2
$\begingroup$

If mass/energy causes positive curvature in spacetime, and measurements of the curvature of the universe show that it is flat (or very close to flat), then is there something causing negative curvature to balance out the positive curvature from gravity? Or is this positive curvature negligible (or even infinitesimal?) when viewing the geometry of the universe? (Never studied GR or Non-Euclidean Geometry just know the basics)

$\endgroup$
  • $\begingroup$ I'm no astrophysicist, but presumably the answer has something to do with dark energy, since that is what is supposedly responsible for the fact that the universe's expansion is accelerating. If gravity were the only force acting, then the expansion should be slowing/ reversing (right?). $\endgroup$ – Time4Tea Aug 15 '18 at 1:15
  • $\begingroup$ Time4Tea dark energy was my first though also, but as the universe expands the density of dark energy remains constant while mass becomes more spread out. Consequently, (if magnitudes were equal) the magnitude of the curvature produced by gravity would be decreasing relative to the magnitude of the curvature produced by dark energy. So I don't see how they could cancel out if one changes and the other doesn't. $\endgroup$ – Knight98 Aug 15 '18 at 4:08
1
$\begingroup$

As you guessed in the comments, yes, it's caused by dark energy. The curvature of the Universe is very close to zero (i.e. flat) today; there's no stipulation that the curvature has to be constant, and indeed, if dark energy continues to dominate then it may well deviate from zero. The question of why we live exactly at the point where these things are balanced is known as the coincidence problem.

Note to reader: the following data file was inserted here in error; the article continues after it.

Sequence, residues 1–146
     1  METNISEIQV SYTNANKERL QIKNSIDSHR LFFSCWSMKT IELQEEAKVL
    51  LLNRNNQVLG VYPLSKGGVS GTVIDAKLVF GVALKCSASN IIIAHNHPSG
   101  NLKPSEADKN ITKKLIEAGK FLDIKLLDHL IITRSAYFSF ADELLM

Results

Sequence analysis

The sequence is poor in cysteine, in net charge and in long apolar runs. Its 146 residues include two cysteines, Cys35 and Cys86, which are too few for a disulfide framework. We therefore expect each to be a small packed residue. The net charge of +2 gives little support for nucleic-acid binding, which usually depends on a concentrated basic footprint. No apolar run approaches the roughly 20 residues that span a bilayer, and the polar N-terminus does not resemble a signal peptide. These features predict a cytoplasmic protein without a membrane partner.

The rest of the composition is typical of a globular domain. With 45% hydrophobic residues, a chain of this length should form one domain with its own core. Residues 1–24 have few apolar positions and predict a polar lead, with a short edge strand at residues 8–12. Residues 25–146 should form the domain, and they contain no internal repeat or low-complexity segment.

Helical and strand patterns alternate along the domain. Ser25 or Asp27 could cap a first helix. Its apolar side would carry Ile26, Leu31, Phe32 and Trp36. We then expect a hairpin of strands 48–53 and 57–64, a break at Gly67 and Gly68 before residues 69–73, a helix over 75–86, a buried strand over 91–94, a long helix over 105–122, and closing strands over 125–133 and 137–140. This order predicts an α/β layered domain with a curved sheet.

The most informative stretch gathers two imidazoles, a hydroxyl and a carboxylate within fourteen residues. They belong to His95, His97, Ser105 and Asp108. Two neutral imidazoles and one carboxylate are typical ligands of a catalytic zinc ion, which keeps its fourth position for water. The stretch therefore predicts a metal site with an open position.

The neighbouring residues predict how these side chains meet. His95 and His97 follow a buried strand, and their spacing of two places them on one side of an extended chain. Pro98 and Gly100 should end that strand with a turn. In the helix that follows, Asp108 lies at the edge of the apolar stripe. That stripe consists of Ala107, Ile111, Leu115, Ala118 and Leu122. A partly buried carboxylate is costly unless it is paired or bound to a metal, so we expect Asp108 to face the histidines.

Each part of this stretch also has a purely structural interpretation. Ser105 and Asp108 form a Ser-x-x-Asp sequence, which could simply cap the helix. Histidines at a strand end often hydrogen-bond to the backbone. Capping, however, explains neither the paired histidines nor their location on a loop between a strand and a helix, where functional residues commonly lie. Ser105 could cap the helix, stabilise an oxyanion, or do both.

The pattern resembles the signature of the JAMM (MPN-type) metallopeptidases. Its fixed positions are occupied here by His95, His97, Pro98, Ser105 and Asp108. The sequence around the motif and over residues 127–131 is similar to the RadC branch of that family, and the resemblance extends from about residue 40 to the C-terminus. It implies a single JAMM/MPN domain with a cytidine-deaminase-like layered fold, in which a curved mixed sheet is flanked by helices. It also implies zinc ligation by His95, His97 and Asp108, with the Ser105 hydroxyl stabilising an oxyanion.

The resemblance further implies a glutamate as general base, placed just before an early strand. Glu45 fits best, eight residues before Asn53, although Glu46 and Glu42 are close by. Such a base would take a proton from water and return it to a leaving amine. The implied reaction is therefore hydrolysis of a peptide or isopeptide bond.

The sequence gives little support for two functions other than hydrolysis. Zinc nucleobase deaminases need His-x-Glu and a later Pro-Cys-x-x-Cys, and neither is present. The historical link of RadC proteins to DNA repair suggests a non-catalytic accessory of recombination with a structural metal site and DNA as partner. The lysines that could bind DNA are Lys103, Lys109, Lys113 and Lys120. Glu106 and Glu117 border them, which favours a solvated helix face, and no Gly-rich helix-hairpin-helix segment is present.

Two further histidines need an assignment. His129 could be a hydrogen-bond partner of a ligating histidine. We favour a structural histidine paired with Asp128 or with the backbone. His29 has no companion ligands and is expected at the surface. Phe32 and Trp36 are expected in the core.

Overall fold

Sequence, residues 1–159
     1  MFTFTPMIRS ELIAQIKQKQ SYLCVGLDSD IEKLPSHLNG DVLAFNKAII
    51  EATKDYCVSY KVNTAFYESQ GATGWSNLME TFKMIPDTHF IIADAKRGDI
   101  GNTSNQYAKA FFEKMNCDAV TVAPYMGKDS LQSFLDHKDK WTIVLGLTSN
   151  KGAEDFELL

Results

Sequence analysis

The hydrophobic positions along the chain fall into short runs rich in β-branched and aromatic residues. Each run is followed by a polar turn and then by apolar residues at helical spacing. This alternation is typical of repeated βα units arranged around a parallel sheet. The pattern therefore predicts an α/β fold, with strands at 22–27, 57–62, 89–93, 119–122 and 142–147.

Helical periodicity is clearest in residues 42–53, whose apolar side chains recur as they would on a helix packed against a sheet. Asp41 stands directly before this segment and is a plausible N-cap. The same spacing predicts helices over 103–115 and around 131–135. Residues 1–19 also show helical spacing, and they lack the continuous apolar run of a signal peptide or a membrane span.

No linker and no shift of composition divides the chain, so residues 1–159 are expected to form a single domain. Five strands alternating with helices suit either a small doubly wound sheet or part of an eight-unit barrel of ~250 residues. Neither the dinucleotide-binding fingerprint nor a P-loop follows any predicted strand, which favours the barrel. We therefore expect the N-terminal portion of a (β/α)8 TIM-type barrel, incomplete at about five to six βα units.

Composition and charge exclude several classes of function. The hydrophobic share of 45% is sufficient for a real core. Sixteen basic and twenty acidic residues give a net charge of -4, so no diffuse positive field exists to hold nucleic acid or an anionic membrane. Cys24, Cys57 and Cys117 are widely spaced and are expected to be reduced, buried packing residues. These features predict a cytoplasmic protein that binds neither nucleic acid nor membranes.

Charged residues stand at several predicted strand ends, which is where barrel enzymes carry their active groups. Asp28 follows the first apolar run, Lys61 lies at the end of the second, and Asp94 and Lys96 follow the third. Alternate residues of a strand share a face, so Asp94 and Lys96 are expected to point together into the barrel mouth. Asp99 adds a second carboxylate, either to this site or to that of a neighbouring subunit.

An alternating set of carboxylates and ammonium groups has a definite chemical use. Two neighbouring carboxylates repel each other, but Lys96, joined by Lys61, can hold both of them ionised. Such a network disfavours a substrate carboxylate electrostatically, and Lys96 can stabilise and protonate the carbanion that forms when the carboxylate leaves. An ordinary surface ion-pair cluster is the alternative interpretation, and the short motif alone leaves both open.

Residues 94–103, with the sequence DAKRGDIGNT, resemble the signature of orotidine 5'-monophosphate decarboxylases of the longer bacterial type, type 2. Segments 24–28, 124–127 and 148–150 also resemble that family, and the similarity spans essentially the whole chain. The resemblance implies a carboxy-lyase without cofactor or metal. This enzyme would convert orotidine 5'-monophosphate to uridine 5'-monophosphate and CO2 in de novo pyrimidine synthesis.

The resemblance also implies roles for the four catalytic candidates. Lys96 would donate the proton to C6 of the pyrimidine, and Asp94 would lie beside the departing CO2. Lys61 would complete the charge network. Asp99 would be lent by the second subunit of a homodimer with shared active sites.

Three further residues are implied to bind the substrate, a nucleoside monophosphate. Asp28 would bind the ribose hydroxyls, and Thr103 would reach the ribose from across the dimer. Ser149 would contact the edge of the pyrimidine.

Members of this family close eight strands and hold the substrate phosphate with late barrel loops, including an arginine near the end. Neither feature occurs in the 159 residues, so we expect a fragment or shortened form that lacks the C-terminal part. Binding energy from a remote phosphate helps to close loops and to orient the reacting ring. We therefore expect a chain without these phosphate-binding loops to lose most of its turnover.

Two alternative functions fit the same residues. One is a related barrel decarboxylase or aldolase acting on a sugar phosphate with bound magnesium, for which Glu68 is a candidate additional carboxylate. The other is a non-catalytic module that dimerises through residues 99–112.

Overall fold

For more info, see the section on the density parameter here: https://en.m.wikipedia.org/wiki/Friedmann_equations

$\endgroup$
  • $\begingroup$ So are you implying that (if dark energy's density is unchanging) the universe once had positive curvature, for a brief period was (or is) flat, and in the future will have negative curvature? Also since dark energy makes up around 70% of the universe while dark matter and ordinary matter only make up 30% should the universe have somewhat negative curvature today? $\endgroup$ – Knight98 Aug 16 '18 at 3:15

Your Answer

By clicking “Post Your Answer”, you agree to our terms of service, privacy policy and cookie policy

Not the answer you're looking for? Browse other questions tagged or ask your own question.